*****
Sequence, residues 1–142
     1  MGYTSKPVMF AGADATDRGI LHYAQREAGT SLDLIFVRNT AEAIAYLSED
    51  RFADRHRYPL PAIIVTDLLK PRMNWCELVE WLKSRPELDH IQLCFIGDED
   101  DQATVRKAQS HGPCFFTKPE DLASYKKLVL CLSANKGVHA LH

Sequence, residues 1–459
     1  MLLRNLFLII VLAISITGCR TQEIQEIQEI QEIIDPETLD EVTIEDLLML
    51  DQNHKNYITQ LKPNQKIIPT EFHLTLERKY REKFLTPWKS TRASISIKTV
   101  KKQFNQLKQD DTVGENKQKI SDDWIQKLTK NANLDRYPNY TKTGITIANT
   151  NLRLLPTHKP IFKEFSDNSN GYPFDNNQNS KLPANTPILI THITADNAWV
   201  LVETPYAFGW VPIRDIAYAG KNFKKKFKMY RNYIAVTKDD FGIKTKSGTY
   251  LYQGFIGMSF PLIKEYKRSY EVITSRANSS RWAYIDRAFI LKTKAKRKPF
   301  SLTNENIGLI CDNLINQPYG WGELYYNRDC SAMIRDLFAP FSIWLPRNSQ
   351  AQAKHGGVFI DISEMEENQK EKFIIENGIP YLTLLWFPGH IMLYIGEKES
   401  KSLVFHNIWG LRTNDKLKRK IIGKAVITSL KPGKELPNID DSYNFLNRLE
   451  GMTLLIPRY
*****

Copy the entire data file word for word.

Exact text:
Sequence, residues 1–142
     1  MGYTSKPVMF AGADATDRGI LHYAQREAGT SLDLIFVRNT AEAIAYLSED
    51  RFADRHRYPL PAIIVTDLLK PRMNWCELVE WLKSRPELDH IQLCFIGDED
   101  DQATVRKAQS HGPCFFTKPE DLASYKKLVL CLSANKGVHA LH

Sequence, residues 1–459
     1  MLLRNLFLII VLAISITGCR TQEIQEIQEI QEIIDPETLD EVTIEDLLML
    51  DQNHKNYITQ LKPNQKIIPT EFHLTLERKY REKFLTPWKS TRASISIKTV
   101  KKQFNQLKQD DTVGENKQKI SDDWIQKLTK NANLDRYPNY TKTGITIANT
   151  NLRLLPTHKP IFKEFSDNSN GYPFDNNQNS KLPANTPILI THITADNAWV
   201  LVETPYAFGW VPIRDIAYAG KNFKKKFKMY RNYIAVTKDD FGIKTKSGTY
   251  LYQGFIGMSF PLIKEYKRSY EVITSRANSS RWAYIDRAFI LKTKAKRKPF
   301  SLTNENIGLI CDNLINQPYG WGELYYNRDC SAMIRDLFAP FSIWLPRNSQ
   351  AQAKHGGVFI DISEMEENQK EKFIIENGIP YLTLLWFPGH IMLYIGEKES
   401  KSLVFHNIWG LRTNDKLKRK IIGKAVITSL KPGKELPNID DSYNFLNRLE
   451  GMTLLIPRY